• 27. 8.10.3 Different types of stress (Eustress) p.181 • Seen as a positive force, it stimulates the individual into finding life challenging and exciting. “The right amount and kind of stress makes you come alive” – it makes you perform at your best. • Can lead to: improved job-related performance, greater creativity and motivation, can lead to a more satisfying career. • It is essential, a positive aspect in any one’s life. • Can lead towards achieving your goals.
  • 28. 8.10.3 Different types of stress (Distress) p.181 • Negative force, accomplished by feelings of trauma and an inability to cope. • Characterised: feelings of exhaustion, anxiety, tension, sense of being rushed. • Victims show: physiological irregularities like heart palpitations and excessive perspiration. • Job situation: inability to concentrate, poor judgement, loss of emotional control, increased conflict.
  • 29. 8.10.4 Stressors p.181 Stressor: any factor on condition which causes stress: • Emotional (worry, fear, frustration, conflict, guilt, grief • Physiological (injury to the body, illness or exhaustion • Physical (time pressure, work load, criteria of performance) Three interrelated categories of stressors: • Frustrations (obstacles, frustrations, personal limitations) • Conflicts (confrontations, incompatible needs) • Pressures (to achieve certain goals or to behave in a particular manner) – External or internal
  • 30. 8.10.4 Severity of stress p.182 Severity of stress is determined (measured) by the degree to which it disrupts functioning. This depends on: • The characteristics of the stressor • The particular individual’s resources and the available supporting human and material resources • The relationship between the two factors above
  • 31. 8.10.5 Physiology of stress p.182 Stress is the human body’s attempts to restore an imbalance caused by a stressor of some kind The body reacts in different stages: • The alarm (or warning) stage (fight or flight) o See page 183 for physiological changes • The resistance stage (enters into here when stress is experienced by some time) • The exhaustion (“burn-out”) stage (stress is overwhelming and victim is unable to cope).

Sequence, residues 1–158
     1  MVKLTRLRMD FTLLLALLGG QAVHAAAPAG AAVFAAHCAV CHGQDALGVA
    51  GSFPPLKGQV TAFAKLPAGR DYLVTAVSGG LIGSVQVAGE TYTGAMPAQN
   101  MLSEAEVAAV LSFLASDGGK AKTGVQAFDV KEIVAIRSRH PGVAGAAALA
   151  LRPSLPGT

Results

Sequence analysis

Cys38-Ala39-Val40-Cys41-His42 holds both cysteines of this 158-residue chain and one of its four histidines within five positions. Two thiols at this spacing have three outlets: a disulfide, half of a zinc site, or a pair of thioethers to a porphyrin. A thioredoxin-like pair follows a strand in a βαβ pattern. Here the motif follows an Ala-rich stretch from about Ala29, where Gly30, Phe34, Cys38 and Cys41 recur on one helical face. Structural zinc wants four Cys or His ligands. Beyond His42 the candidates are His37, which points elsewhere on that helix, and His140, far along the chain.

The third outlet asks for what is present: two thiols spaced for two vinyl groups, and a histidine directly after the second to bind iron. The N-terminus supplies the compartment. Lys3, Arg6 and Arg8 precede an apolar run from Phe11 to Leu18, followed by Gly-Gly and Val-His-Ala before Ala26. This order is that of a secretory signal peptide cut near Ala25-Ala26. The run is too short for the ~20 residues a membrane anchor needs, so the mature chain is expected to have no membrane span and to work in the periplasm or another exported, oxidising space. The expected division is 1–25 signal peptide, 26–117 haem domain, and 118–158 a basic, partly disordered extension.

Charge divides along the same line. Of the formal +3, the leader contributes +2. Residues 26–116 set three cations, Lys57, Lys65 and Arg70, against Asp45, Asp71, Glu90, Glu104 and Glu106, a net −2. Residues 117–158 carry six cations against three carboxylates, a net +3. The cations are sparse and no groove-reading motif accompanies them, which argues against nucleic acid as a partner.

• 32. Also see page 183 for other symptoms
  • 33. 8.10.6 Negative physical, emotional & behavioural effects of stress p.184 • Interrelated emotional, behavioural and physical effects of stress on the human being • Know the definitions of the various neuroses • See page 185 for behavioural and physical effects • Emotional (temporary) effects o Transitory (temporary) effects o More damaging, persistent effects of neuroses • Anxiety • Depression • Hysteria • Obsessions
  • 34. 8.10.7 Common reasons for stress p.185 1. Personal living conditions 2. Working environment 1. 2. 3. 4. 5. 6. 7. 8. Poor physical working conditions Job overload Job underload Role in the organisation Relationship at work Organisational structure and climate Career prospects Family relationship 3. Economical, political and social stressors 4. The personality of the individual
  • 35. 8.10.7.4 Personality of the individual p.188-189 Type A personality • Self-assertive, aggressive, hostile “ready to pick a fight” • Impatient • Workaholic • Involved in multiple projects • Take on excessive responsibility • Extremely competitive • Critical of others • Impatient listener • Explosive speaker (fast) • Make quick, impulsive decisions Type B personality • Placid and calm, no hostility towards others • Patient and hardy • Relatively relaxed, easygoing • Neither competitive nor achievement-oriented or over-ambitious • Reflects thoroughly before making decisions • Copes well with stress • Adapts well to changing environmental needs
  • 36. 8.10.8 Coping with stress p.190 1. General guidelines for coping with stress • Improve your decision-making skills • Improve your self-image and think positively • Follow a healthy diet; get enough exercise and sleep • Develop relaxation techniques • Establish a reliable support system • Be assertive
  • 37. 8.10.8 Coping with stress p.193 2. Guidelines for coping with interpersonal conflict and stress in the working environment • Take constructive action to solve problems • Attach the cause, not merely the symptoms • Broaden your scope • Compromise • Practise diplomatic confrontation • Admit your mistake • Practice empathy • Try to bring humour into the situation • Practice restraint